The same here, thanks for sharing that Jman.
    #4
    Foodbme
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    Re:My Christmas Story 2011/12/25 22:40:35 (permalink)
    You awakened similiar memories of my grade school experiences that had been buried somewhere in the recesses (pun intended) of my mind. THANX and Merry Christmas!
    #5
    The Travelin Man
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    Re:My Christmas Story 2011/12/26 02:17:59 (permalink)
    Sounds like 1960 in the South was a fine time to grow up Jewish.
    #6
    jeepguy
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    Re:My Christmas Story 2011/12/26 06:34:31 (permalink)
    I can't even pronounce the words in those verses! Your class must have been studying Latin!
    #7
    joerogo
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    Re:My Christmas Story 2011/12/26 11:48:08 (permalink)
    jman, Great story.  A throwback to simpler, and defiantly better times.  The key word was community.
     
    I always remember this story from a Jewish friend.  He grew up in a town that was 99 44/100% Catholic, Italian Immigrants.  His family operated an auto parts store in town and he lived right next door to the Catholic Church.  One day his mother noticed the Priest in the garden pulling weeds, and she told him to go help.  Not wanting to do it, he told his mother, "why should I help him, we're not Catholic".  His mother, without skipping a beat said, "no we are not Catholic, I asked you because we are neighbors".
     
    Carpe Diem(Seize the Fish)
    #8
    ken8038
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    Re:My Christmas Story 2011/12/26 14:09:10 (permalink)
    Not wanting to be the grinch here, but I completely disagree with all these Leave-It-To-Beaver-Land nostalgic memories. I too went to a grammar school in the 50's that was like 95% Christian, and I always felt sorry for the few Jewish kids. Just imagine how isolated they must have felt at a time of life when being one of the crowd is the most important thing to a kid.
     
    I even remember one of the Jewish Moms telling my Mom that they had to put up a Christmas tree to made her daughter feel more included in the norm. That absolutely sucks, and I'm glad people who are not Exactly Like Me no longer have to deal with such nonsense.
     
     
    #9
    fishtaco
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    Re:My Christmas Story 2011/12/26 14:40:36 (permalink)
    ken8038

    Not wanting to be the grinch here, but I completely disagree with all these Leave-It-To-Beaver-Land nostalgic memories. I too went to a grammar school in the 50's that was like 95% Christian, and I always felt sorry for the few Jewish kids. Just imagine how isolated they must have felt at a time of life when being one of the crowd is the most important thing to a kid.

    I even remember one of the Jewish Moms telling my Mom that they had to put up a Christmas tree to made her daughter feel more included in the norm. That absolutely sucks, and I'm glad people who are not Exactly Like Me no longer have to deal with such nonsense.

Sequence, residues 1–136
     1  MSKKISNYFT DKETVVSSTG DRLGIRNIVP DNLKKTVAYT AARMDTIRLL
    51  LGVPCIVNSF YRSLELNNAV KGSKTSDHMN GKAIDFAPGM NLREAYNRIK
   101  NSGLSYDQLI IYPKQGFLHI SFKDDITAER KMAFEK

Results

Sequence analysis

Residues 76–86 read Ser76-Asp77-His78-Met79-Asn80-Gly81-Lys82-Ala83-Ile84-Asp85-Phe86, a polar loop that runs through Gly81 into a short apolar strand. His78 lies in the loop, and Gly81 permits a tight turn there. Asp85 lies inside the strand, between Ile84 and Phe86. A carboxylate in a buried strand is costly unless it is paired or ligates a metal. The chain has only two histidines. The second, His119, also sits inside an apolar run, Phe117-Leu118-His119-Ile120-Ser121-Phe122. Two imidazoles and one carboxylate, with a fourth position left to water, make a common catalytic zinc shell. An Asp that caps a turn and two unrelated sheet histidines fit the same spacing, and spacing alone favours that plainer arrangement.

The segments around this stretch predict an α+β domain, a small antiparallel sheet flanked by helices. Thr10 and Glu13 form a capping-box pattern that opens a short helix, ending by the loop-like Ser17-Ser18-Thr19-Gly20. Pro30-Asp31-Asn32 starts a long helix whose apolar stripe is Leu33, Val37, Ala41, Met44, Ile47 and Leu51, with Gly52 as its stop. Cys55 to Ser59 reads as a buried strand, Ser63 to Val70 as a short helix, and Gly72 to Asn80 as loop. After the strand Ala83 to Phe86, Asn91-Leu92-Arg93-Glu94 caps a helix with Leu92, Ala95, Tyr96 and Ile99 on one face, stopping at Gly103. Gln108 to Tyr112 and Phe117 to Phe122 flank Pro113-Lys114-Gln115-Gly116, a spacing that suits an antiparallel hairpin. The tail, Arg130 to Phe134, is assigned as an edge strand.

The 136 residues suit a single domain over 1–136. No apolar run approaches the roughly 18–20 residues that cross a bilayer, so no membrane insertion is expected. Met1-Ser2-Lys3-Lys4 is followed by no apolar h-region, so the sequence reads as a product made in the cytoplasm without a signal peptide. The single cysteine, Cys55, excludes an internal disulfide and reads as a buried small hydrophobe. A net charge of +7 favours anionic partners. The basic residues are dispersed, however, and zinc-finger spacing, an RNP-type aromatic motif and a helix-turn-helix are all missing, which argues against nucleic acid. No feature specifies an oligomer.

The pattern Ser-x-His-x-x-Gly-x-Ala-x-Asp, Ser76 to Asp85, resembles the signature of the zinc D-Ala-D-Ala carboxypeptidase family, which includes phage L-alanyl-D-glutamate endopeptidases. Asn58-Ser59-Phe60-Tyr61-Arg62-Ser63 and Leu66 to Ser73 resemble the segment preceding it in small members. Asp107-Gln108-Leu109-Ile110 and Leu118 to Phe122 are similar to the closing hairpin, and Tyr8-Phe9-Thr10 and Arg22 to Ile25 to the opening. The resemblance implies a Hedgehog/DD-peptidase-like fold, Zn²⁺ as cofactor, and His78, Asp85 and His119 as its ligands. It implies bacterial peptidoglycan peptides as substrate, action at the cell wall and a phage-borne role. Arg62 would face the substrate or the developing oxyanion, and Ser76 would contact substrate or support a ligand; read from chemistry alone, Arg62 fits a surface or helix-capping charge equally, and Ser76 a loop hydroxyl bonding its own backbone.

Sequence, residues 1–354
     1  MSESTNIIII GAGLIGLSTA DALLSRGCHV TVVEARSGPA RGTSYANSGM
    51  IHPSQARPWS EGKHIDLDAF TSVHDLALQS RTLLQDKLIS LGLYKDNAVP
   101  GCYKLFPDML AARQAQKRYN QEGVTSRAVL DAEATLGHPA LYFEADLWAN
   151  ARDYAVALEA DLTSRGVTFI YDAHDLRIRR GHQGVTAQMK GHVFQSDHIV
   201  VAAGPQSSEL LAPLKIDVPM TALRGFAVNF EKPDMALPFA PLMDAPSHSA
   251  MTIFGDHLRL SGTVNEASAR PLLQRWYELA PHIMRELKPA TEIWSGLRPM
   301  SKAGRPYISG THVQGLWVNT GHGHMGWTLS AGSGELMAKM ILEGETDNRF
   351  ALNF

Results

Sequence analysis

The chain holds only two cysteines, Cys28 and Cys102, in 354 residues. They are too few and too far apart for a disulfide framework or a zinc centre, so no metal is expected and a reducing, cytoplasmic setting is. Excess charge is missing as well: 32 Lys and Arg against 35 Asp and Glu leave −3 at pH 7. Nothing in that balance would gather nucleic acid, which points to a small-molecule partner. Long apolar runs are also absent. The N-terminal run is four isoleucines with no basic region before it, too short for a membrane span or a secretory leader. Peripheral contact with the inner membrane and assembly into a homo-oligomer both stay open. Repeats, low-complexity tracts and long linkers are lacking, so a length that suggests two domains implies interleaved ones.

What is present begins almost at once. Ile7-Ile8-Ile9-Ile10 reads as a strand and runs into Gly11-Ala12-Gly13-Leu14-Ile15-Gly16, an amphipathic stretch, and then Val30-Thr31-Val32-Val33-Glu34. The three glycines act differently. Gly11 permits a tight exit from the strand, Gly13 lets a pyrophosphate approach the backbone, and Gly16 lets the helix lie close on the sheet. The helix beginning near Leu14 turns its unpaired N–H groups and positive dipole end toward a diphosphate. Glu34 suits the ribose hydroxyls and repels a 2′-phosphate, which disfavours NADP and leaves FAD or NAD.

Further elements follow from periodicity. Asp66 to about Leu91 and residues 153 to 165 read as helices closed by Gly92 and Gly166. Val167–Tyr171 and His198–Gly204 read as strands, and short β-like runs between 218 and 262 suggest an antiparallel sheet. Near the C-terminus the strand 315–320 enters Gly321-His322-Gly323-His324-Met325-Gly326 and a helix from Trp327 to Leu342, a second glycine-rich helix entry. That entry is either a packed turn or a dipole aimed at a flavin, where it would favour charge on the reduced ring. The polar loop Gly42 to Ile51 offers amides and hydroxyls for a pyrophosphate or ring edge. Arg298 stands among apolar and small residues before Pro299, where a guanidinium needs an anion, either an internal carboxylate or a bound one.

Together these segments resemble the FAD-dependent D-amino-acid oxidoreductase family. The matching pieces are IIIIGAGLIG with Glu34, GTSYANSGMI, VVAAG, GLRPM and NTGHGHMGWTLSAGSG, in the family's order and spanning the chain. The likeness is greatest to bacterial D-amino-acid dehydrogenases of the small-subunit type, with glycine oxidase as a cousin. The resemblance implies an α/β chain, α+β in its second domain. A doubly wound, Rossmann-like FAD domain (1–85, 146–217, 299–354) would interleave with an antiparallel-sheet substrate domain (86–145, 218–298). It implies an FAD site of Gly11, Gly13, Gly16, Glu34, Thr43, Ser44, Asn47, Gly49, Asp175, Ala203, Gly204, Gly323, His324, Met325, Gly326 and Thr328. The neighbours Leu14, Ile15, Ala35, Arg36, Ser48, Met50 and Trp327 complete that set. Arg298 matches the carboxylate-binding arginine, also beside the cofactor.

You knew there would be one.

    #10
    The Travelin Man
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    Re:My Christmas Story 2011/12/26 15:41:26 (permalink)
    No.  There's more than one.  There's way more than one. Most people just seem to avoid controversial topics, especially when their opinion is clearly in the minority.
     
    The majority of people who yearn for yesteryear are WASP males.  You don't really see African-Americans waxing nostalgic for the days of black and white water fountains and restrooms, do you?
     
    I'd venture to guess those Jews in late 50's/early 60's Kentucky were "supporting" Christmas less for a sense of community and more out of a desire to not have a cross burned on their lawn.  Fortunately, Jews of that time had it a little easier - you can't really spot a Jew on sight, without them wearing any religious attire; blacks didn't have it quite so good.
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    jman
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    Re:My Christmas Story 2011/12/26 16:06:42 (permalink)
    The Travelin Man

    No.  There's more than one.  There's way more than one. Most people just seem to avoid controversial topics, especially when their opinion is clearly in the minority.

    The majority of people who yearn for yesteryear are WASP males.  You don't really see African-Americans waxing nostalgic for the days of black and white water fountains and restrooms, do you?

    I'd venture to guess those Jews in late 50's/early 60's Kentucky were "supporting" Christmas less for a sense of community and more out of a desire to not have a cross burned on their lawn.  Fortunately, Jews of that time had it a little easier - you can't really spot a Jew on sight, without them wearing any religious attire; blacks didn't have it quite so good.

     
    I'm amazed that you and Ken have turned this into a political thread.  Your attempt at pushing white guilt is obnoxious. 
    #12
    Michael Hoffman
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    Re:My Christmas Story 2011/12/26 16:37:04 (permalink)